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Feathered Fairy

I’m on such a roll this week, that I decided to try another challenge. Although this is an ATC challenge (an “Artist’s Trading Card”, typically 2.5″ x 3.5″ just like a playing card), I could always stick it on a card later to keep up with my holiday card-giving plans. This challenge comes from the Wicked Wednesday ATC challenge blog. I’m not even sure how I found this one, I think I was just investigating what makes an ATC. Anyway, the site was super cute, so I bookmarked it as a possible weekly challenge to enter.

The Wicked Wednesday challenge for this week is to “add a feather”. That in itself didn’t really excite me, although I knew I had a few random feathers in the stash that could certainly use a project. What got me interested in this challenge was that the featured products were “digital stamps” from a day for daisies. I had never heard of digital stamps, and maybe it’s a term they made up. But a digital stamp is basically just a black outlined image. If you do digital work, you will probably appreciate that most of the stuff comes as a PNG on a transparent background. But I’m not working much digital at home just at the moment. Anyway, the designs are whimsical and sweet without being too sweet, so I downloaded two freebies and bought a fairy image that I found irresistible.

This caused me to stumble into a couple of unexpected meatspace issues with this digital product. 1) How to treat it so that my inkjet ink won’t run when I add water based inks? And, 2) how to deal with that wonderful whimsical whispy hair since my feather-adding idea demanded that the back side at least be a raised cut-out?

My solution to difficulty #1 was that I remembered reading something about being able to directly emboss inkjet prints straight out of the printer. It worked brilliantly and was very easy. I printed off the fairy image on some expired letterhead that we use as scrap paper. The moment it was out of the printer I immediately dusted it with a super fine embossing powder. The powder stuck to the still-wet printer ink, then I shook off the excess and heated as usual. I was so impressed with how well it worked! There was a bit at the top where the printer ink seemed to run a tiny bit, but it was negligible compared to what I expected.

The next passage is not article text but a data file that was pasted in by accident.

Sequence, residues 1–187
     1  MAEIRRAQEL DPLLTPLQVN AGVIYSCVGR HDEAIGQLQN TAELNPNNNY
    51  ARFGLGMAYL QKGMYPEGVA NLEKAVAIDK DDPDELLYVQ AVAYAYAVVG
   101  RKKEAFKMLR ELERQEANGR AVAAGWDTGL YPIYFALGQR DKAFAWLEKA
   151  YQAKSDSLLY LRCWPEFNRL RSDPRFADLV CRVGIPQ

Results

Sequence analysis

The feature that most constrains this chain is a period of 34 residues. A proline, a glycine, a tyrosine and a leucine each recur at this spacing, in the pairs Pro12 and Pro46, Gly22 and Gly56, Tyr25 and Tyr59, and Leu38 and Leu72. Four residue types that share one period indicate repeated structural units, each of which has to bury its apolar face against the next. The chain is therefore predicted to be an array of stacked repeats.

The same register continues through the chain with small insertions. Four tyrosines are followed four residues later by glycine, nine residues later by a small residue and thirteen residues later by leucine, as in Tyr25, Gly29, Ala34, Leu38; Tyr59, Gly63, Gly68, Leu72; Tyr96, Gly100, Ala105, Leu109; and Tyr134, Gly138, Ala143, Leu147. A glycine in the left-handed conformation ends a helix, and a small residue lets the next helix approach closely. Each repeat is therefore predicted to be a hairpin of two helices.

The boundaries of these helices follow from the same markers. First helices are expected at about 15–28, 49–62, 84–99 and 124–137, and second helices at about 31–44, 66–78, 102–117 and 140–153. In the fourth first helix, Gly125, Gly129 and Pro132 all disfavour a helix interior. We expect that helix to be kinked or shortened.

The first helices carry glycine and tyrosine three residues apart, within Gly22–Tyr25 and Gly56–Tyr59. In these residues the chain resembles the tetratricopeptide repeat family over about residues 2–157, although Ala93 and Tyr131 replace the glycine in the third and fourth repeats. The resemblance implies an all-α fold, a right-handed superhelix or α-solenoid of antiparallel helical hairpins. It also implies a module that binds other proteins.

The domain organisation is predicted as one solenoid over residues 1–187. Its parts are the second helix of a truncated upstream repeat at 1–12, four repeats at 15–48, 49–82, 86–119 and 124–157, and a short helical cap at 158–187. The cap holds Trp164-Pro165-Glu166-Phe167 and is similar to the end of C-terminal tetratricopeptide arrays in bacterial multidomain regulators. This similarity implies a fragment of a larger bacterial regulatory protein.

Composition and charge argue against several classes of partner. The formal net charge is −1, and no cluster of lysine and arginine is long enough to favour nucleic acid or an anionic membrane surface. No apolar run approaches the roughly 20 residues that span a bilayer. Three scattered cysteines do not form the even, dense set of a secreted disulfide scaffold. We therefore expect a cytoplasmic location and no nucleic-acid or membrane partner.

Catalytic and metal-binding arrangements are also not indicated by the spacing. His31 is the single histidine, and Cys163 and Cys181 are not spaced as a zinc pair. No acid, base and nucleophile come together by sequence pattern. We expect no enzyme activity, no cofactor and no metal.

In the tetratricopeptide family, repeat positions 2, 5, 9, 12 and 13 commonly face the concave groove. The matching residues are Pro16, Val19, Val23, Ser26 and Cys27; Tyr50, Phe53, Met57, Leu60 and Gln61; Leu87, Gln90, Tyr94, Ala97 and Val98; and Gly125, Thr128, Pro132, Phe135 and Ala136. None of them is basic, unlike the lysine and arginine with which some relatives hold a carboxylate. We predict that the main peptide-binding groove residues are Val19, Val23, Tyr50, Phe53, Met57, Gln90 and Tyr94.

I wish I could attribute that idea to the correct source, but I’ve been pouring over stacks of technique books from the library, Pinterest links and blogs so much, that I can’t recall where I got the idea. It makes me wonder though: how do other people deal with “digital stamps”? Does everyone emboss their inkjet prints? Do they get toner printers? Something else? I look forward to exploring the other contributors’ work after I finish the challenge piece.

My solution to difficulty #2, was to redraw the fine details onto the background paper after cutting it out. This is ok, but since unembossed, it doesn’t have quite the texture of the original. Again, I’m interested to see what other solutions are for cut outs of detailed printables.

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Materials: Lost & Found paper, Distress Ink, Tattered Angels Glimmer Mist, Micron pen, embossing powder, inkjet print of “digital stamp” from A Day For Daises, feathers, seed beads, permanent marker

ETA: sadly I didn’t check the submission deadline for this one carefully enough, and missed it by a few hours! Next time!

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Simon says Simple